The growing threat from FANG

FANG — that’s Facebook, Amazon, Netflix and Google — are (is?) performing a huge about face on the internet, and nobody’s doing anything about it. Few people are even noticing.

I always thought the internet was meant to be an open platform that anybody could access and use. It was supposed to democratize things, and for a long time it did. Individuals could start a blog, or a business. Lots of great ideas have improved our collective lives because the cost of entry was so low.

Those days seem to be ending as web traffic — and ad revenue — is increasingly being funneled into walled gardens. Youtube. Facebook. Echo and Google Home. Netflix.

Don’t get me wrong, these are great services. But they’re not open platforms.

If I want to start a website, I don’t need anybody’s permission. I just do it. But if I want to do something on Echo, I have to make a deal with Amazon.

There are some cool things that publishers should be able to do with these new technologies. I mentioned a few in this post: How Alexa and Google Glass will revive print publishing. But … we don’t really want to do those things if we’re beholden to FANG.

The internet may be going through a transition from keyboards and screens to voice. But if that happens, there’s no open platform to access it. There’s only Echo and Google Home. And they are not your friends. Amazon and Google are not trying to provide an open place for innovation and new businesses. They’re building their own businesses and squeezing out the competition.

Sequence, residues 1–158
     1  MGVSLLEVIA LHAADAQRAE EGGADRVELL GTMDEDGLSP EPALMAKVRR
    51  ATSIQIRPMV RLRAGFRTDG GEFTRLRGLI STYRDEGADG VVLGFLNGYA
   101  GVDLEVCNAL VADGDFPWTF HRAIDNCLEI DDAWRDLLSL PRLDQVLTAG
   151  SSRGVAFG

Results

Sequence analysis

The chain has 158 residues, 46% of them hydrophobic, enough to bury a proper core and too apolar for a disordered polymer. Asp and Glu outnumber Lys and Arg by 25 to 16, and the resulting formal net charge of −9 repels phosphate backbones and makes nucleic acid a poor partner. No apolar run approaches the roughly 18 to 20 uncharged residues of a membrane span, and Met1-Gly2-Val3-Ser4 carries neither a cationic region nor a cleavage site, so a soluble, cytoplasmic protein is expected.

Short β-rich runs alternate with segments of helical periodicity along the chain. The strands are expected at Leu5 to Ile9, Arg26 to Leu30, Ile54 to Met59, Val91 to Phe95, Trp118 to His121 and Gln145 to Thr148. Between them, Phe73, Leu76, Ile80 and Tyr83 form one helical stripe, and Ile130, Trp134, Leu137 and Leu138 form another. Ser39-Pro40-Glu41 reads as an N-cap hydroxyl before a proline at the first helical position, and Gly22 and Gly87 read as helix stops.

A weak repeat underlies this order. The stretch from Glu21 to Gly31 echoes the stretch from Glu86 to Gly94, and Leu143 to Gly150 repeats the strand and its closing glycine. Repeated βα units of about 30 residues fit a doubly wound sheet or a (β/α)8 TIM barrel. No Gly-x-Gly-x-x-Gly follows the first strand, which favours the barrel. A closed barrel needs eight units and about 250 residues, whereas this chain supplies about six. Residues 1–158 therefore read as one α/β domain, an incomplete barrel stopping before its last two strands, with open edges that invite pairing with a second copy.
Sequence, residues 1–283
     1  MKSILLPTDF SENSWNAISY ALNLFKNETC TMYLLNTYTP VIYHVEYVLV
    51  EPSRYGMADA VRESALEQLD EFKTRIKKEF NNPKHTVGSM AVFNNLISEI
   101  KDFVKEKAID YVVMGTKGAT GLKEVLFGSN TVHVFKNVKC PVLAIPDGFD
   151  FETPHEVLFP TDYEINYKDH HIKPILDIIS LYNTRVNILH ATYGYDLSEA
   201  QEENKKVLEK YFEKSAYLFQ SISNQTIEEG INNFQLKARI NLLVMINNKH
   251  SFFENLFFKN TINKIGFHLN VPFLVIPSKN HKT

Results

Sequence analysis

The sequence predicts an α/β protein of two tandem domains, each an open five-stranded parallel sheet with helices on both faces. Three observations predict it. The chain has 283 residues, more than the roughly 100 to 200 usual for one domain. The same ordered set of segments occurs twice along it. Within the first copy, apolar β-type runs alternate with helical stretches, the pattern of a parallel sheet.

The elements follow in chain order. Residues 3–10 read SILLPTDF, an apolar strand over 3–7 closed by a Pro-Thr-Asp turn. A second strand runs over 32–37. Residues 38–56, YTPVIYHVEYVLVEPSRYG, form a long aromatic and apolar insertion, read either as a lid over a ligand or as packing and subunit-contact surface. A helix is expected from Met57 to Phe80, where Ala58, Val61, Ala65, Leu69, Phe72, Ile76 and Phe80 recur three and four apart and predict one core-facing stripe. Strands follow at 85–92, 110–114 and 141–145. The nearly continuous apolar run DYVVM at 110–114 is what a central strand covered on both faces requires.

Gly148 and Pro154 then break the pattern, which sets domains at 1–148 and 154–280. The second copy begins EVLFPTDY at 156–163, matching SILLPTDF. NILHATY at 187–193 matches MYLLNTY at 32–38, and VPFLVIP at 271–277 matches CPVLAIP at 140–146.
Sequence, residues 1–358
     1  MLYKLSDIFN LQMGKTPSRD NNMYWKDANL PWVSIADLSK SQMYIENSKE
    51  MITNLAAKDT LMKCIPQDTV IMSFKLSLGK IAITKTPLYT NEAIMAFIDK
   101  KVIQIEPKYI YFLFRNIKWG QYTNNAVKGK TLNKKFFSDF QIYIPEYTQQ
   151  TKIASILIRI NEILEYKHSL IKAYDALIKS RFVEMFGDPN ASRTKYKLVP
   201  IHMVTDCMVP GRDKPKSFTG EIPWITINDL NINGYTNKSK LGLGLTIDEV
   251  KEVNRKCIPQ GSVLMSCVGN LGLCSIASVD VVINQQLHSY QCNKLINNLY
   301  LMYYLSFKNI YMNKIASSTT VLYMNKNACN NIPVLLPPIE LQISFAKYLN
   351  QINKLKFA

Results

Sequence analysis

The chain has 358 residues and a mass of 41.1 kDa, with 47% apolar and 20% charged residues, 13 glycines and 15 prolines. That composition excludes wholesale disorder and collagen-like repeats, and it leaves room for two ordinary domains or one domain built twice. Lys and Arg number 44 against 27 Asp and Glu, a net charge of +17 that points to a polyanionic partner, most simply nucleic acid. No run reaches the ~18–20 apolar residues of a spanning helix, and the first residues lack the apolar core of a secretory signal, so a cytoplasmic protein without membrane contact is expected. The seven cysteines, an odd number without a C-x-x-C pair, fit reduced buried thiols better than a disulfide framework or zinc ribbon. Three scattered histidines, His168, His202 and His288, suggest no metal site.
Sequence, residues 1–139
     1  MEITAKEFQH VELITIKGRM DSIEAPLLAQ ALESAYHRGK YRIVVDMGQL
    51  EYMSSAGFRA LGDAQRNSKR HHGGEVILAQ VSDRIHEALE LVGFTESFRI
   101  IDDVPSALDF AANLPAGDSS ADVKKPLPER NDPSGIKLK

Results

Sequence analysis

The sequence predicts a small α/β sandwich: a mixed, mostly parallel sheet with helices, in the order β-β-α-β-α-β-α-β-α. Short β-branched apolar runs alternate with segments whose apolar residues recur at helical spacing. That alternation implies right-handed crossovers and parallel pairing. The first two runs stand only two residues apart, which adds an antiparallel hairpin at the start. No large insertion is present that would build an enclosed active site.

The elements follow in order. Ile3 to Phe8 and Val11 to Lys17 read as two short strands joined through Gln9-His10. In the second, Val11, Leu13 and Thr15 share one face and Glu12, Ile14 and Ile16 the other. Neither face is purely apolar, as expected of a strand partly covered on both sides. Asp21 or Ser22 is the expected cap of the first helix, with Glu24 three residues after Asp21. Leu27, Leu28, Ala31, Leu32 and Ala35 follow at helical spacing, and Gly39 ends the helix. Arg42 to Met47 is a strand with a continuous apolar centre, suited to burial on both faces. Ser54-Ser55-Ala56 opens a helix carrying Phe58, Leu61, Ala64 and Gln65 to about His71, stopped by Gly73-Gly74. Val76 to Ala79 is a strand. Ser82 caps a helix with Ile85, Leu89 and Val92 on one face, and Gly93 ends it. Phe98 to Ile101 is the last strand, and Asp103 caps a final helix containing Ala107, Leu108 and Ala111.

Just the other day I heard a local radio station announce that you can listen to their station through Echo. That’s a very convenient thing, and since radio is monetized through ads, it probably makes sense for the station. At least it does until Amazon changes the rules and sours the deal. And you know they will. (I am altering the deal. Pray that I don’t alter it further.)

I would love to allow vision-impaired subscribers to hear their subscription content through a device like an Echo. But you know what that would mean. Amazon would take control of the customer relationship. That’s the standard trick that publishers keep falling for. (Don’t do it!!!)

If the internet moves to voice, Google and Amazon will rule the internet.

That is far more significant than any conceivable threat the net neutrality folk are worried about.

We are about to hand the internet over to FANG.

Sure, you’ll still be able to have your website. But that’s not where the people will be.

What’s the solution? I think it’s clear. Either somebody needs to create an open platform to rival Echo and Home, or those services need to be regulated as common carriers.

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